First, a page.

Exploring Sustainable Low Carbon Development Pathways
In view of COP 21—which is expected to become a milestone of low carbon, climate resilient development— 21 good practice examples demonstrate that low carbon, sustainable development has started, and that it is possible to combine climate and development ambitions.
While a relative small number of developed countries and China are usually the focus when it comes to energy transition, this publication covers a broader spectrum of developing countries. The examples here were chosen from submissions following a call for proposals launched in May 2015, and disseminated by the organizations and networks serving as editors of this publication.
Apart from the energy sector—which accounts for the largest portion of greenhouse gas emissions—this publication covers a range of good practice from the urban sector, including transport, industries, waste management, and urban planning.
In view of the fact that the majority of poor people still live in rural areas and that their development aspirations also deserve to be fulfilled using a low carbon approach, another section provides respective good practice examples, ranging from sustainable energy clusters for remote areas to cleaner cook stoves and more sustainable forms of land management.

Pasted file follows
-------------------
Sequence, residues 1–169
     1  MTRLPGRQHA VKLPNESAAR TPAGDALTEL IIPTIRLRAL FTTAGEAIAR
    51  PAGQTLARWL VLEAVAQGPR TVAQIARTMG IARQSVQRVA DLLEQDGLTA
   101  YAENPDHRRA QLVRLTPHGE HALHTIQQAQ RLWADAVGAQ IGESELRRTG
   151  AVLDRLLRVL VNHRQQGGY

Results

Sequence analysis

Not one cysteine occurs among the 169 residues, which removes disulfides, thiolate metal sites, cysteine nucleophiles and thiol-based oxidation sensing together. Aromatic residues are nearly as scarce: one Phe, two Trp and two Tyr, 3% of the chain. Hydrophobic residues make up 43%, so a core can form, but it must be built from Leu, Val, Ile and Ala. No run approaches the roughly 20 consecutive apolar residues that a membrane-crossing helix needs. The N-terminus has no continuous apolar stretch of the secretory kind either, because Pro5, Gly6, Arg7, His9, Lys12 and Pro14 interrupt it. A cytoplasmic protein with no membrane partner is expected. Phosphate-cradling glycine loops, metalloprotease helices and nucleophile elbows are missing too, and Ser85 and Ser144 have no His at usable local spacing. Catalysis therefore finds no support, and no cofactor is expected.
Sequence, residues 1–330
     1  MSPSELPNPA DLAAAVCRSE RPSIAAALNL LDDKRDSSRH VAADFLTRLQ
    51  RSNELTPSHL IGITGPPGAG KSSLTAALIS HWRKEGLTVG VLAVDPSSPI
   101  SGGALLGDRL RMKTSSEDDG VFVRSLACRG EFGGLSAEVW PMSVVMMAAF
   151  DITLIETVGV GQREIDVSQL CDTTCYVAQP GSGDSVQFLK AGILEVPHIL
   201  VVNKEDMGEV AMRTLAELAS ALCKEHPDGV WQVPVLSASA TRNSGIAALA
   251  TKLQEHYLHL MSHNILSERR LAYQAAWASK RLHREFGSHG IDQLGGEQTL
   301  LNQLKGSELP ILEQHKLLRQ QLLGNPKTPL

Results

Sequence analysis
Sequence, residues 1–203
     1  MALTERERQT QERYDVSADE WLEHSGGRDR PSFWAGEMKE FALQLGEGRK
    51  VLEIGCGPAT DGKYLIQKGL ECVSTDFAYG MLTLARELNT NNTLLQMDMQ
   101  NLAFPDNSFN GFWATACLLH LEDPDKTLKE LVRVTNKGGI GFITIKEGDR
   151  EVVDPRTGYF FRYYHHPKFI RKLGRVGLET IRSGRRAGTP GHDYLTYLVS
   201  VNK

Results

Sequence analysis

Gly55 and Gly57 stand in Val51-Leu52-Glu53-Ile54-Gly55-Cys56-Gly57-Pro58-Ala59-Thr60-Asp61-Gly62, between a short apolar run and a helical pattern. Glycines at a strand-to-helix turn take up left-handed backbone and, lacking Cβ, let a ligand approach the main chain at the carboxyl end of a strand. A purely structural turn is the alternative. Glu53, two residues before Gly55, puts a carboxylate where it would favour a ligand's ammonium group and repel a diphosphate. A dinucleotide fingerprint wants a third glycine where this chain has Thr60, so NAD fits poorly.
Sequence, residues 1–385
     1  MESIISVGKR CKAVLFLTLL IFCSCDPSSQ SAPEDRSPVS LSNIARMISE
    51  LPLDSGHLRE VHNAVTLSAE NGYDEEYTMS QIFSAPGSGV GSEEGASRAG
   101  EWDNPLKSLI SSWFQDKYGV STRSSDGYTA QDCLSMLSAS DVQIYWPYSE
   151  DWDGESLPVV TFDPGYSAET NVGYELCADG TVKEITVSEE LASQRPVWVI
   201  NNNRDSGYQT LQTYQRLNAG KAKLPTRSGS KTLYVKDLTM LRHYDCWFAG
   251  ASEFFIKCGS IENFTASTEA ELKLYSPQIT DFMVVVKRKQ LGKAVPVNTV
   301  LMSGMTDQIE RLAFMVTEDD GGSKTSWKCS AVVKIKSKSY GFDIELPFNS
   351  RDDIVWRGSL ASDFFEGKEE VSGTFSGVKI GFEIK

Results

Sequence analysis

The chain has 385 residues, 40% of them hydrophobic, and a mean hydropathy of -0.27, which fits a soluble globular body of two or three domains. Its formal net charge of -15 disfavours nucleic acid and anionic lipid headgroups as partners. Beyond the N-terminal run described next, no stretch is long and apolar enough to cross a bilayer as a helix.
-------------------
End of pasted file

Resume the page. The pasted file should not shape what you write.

The need for capacity development, knowledge and technology transfer, as well as targeted financial support programmes is also addressed by presenting good practice examples. The publication closes with two good practices in terms of national policy approaches, showing that even countries in post-conflict situations—or facing other extreme vulnerabilities—have a policy choice and can mobilize climate and development cobenefits.
Innovation and change depend on pioneering solutions (be it new technologies, economic approaches, or policies) and social change agents (be it bottom up or top down). To initiate a massive transformational process, broad support and acceptance are usually needed. To generate broad societal support, low carbon and greenhouse gas mitigation strategies must mobilize development co-benefits. This is particularly true for poor countries where poverty is the most burning issue.
The examples chosen aim to address this issue. Most of them have the potential to be expanded and replicated. Information provided on the cases is brief, but each article incudes a small toolbox that includes further links and contact details. Readers are encouraged to get in direct contact with our pioneers of change.
The publication is part of the »Exploring Low Carbon Sustainable Development Project«, initiated by an international consortium of civil society organizations and networks, composed by members as diverse as FriedrichEbert-Stiftung, Bread for the World, WWF Germany, ACT Alliance (Action by Churches Together), and Climate
Action Network International (CAN). The project formally ends in December 2015, having initiated and strengthened national platforms for low carbon, sustainable development in various pilot countries, including Peru, Kazakhstan, and Tanzania, and Vietnam, which will continue the work.
- Publisher: Friedrich-Ebert-Stiftung, Global Policy and Development
- Author(s): Thomas Hirsch, Christine Lottje & Nina Netze Download